Leave out the trivial details that has no impact on the experiment, such as where a particular switch is, or a narration on how you positioned your line of vision in order to align everything properly. You also do not need to mention that you made the chart and printed it out. Instead, just refer them to the chart. It is also not necessary to note that the chart was created using Microsoft Excel, although when discussing the data it would be important to note which software applications you used.
You should discuss how you measured the data and especially how they may have placed limitations on your experiment in the form of errors. This is important for several reasons. First, you want your experiment to be transparent, which means conceding particular limitations so that future experiments can improve upon them. For instance, through no fault of your own, the measurement tools that you use might not be as accurate as you would like, but a lack of funding or time means you have no alternatives. In the results section you will discuss these potential issues in more detail.
Present the data and formulas. You should list the numerical data in a table and graphical data as figures. The raw data can be placed in an appendix after the report. Also make sure to include your calculations and solutions. Percentage differences and errors should also be noted.
Discussion and Conclusions. In this final section of the physics lab report template, you will inform the reader what the results actually mean and whether they align with your hypothesis. You should also make note of the broader implications of your findings as it relates to physics and make suggestions for future experiments based on your conclusions.
Now that you have a better idea about how to write a physics lab report, you should be in a good position!
How to Write a Biology Lab Report
Finally, this article will discuss how to write a biology lab report, including the biology lab report template.
The biology lab report format always starts with a good title. Make sure to keep it short but informative; approximately ten words. It should be straight to the point, letting the reader know precisely what the experiment was about. You can generally omit articles such as “the” and “a” from the title, as you would with a newspaper title. The title page should also include your name as well as any classmates/lab partners who contributed to the experiment. Depending on the formatting, you may be asked to include the name of the professor and academic institution. Finally, include the date in which you completed the experiment.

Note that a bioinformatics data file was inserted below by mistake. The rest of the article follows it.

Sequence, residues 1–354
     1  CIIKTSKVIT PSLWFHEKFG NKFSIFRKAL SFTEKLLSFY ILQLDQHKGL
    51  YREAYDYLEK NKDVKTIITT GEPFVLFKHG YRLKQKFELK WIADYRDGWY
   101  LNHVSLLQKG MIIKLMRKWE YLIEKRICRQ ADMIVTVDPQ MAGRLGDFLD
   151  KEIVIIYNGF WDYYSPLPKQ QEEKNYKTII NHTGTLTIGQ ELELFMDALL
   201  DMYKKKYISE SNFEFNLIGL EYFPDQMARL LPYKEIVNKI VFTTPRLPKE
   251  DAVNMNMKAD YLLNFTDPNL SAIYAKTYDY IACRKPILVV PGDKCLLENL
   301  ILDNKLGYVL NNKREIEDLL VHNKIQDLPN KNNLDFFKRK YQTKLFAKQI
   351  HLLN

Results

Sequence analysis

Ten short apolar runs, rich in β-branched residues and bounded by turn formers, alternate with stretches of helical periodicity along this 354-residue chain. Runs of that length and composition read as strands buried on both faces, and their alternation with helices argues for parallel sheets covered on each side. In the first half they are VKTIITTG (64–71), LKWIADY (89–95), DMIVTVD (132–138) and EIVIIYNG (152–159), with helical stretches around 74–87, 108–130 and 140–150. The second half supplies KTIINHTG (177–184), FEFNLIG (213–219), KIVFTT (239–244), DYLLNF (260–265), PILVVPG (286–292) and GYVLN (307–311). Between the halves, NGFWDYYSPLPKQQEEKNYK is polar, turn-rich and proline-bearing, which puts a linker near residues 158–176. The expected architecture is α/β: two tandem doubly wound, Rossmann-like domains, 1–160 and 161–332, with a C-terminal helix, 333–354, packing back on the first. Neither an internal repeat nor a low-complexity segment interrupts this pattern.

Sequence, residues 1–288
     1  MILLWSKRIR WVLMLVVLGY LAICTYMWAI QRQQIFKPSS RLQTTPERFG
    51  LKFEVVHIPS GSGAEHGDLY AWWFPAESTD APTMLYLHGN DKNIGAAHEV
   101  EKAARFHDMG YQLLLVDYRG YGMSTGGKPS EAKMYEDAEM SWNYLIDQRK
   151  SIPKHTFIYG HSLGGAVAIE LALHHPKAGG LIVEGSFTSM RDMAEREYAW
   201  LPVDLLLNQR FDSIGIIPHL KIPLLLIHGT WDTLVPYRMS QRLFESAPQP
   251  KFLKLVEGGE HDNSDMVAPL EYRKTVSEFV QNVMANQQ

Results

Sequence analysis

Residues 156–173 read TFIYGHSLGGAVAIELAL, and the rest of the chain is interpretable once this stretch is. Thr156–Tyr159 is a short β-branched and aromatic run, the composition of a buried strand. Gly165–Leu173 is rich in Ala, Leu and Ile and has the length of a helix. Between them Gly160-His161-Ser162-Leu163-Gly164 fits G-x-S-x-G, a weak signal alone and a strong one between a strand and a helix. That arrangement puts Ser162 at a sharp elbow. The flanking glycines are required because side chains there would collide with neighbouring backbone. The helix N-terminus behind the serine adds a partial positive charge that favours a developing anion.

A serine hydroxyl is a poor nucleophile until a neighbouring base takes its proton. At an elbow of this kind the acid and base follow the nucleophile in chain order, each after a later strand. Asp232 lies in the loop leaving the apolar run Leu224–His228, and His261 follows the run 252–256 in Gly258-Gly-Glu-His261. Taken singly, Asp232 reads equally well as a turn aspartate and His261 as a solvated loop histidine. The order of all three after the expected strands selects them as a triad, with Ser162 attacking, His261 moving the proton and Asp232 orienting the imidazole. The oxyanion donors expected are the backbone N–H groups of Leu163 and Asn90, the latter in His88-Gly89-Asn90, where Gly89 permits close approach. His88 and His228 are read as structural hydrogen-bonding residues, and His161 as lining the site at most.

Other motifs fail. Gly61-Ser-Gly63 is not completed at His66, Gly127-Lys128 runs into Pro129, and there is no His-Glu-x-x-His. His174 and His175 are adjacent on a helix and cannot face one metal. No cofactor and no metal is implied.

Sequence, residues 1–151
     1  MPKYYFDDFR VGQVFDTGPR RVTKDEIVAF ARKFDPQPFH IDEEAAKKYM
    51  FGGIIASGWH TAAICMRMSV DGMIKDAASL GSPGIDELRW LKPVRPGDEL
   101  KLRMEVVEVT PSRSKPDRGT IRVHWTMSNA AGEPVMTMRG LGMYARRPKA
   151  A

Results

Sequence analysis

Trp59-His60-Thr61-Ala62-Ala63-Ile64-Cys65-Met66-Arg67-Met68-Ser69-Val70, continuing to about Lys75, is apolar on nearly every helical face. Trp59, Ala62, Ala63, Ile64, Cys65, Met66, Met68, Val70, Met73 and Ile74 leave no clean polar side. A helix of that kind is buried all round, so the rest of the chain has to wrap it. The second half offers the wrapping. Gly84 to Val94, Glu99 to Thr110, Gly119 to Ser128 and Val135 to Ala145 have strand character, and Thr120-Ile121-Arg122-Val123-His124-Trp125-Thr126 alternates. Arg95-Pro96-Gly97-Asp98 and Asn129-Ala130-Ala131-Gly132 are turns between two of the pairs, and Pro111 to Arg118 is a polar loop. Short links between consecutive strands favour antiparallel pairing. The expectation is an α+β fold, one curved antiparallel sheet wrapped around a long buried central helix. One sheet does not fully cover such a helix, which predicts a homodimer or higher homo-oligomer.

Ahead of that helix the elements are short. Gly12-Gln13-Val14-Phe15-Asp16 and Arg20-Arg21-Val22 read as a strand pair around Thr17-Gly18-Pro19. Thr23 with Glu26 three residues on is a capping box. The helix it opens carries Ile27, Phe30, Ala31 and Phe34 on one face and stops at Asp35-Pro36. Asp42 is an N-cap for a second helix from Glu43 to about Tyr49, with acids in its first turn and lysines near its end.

Next, write an introduction in which you discuss the problem and how you intend to test it. It is important that the introduction explain why the experiment is relevant and, in particular, your motivation for choosing it. You should also include a hypothesis based on an informed opinion about what you think you will find. As has been noted, the hypothesis is not intended to be evidence that you are all knowing. In fact, it is perfectly acceptable to ultimately reject the hypothesis since you will have learned new information that explained why your assumptions were incorrect.
When providing background, discuss the issue from a historical or theoretical context. You will often be asked to include articles and academic sources that are closely linked to your study. This comes in the form of a literature review and involves reputable sources that have been peer-reviewed and published. List any equipment and materials that you utilized for the experiment and the procedures that you followed. These materials should be described in full detail including the quantities used, the amount of time that passed (for instance, if you need time for the results of a chemical to take effect when testing it on a type of bacteria), and the measurements that you used. As with the other types of lab reports, the details contained in your lab practical in biology should provide scientists with all the information necessary to conduct the same experiment (and hopefully duplicate the results). You should take into account factors and conditions that may affect the results of experiment. For instance, if you conducted an experiment outside on a particularly warm day, this should be noted since a researcher who attempts it on a cooler day might end up with different results. You should also explain the process in which you collected your specimens since any deviation could lead to different outcomes. Although information written in instruction manuals is done using present tense, you will use past tense for your AP biology lab report since you are providing an account of your work and not giving instructions per se. You will eventually explain the results and conclusions, but only later in the report.
Describe your results. This should be based on the actual evidence such as whatever data was obtained from the experiment. You should discuss the results in the text and then include illustrations, charts and tables to provide the reader with easy to understand visuals. Of course, make sure to describe what the tables and graphs mean, such as what the X and Y axes indication since you cannot assume that the reader knows how to interpret the information.
Discuss any limitations, weaknesses and errors in your experiment. Offer reasons for why these errors occurred (i.e., small sample size), and how they could be corrected in future experiments (i.e., by being given more time to conduct the experiment, or more funding). You should not make assumptions about errors on a hunch. Rather, they need to be backed up by your data. For instance, if it is clear that the cold weather had an affect on the outcome of the experiment, by all means mention this. But if you have no evidence that the weather altered the results, leave these assumptions out.
Present your conclusion. This is where you discuss the broader implications of accepting or rejecting you hypothesis. You should also offer suggestions for future research based on your findings. The big takeaway is that when it comes to science, it is impossible that everything will ever be fully discovered. Instead, experiments serve the purpose of building upon previous research, looking at things from a different perspective, and advancing discovering and make new breakthrough. Now that you know how to write a lab report for biology, you are ready to make an impact!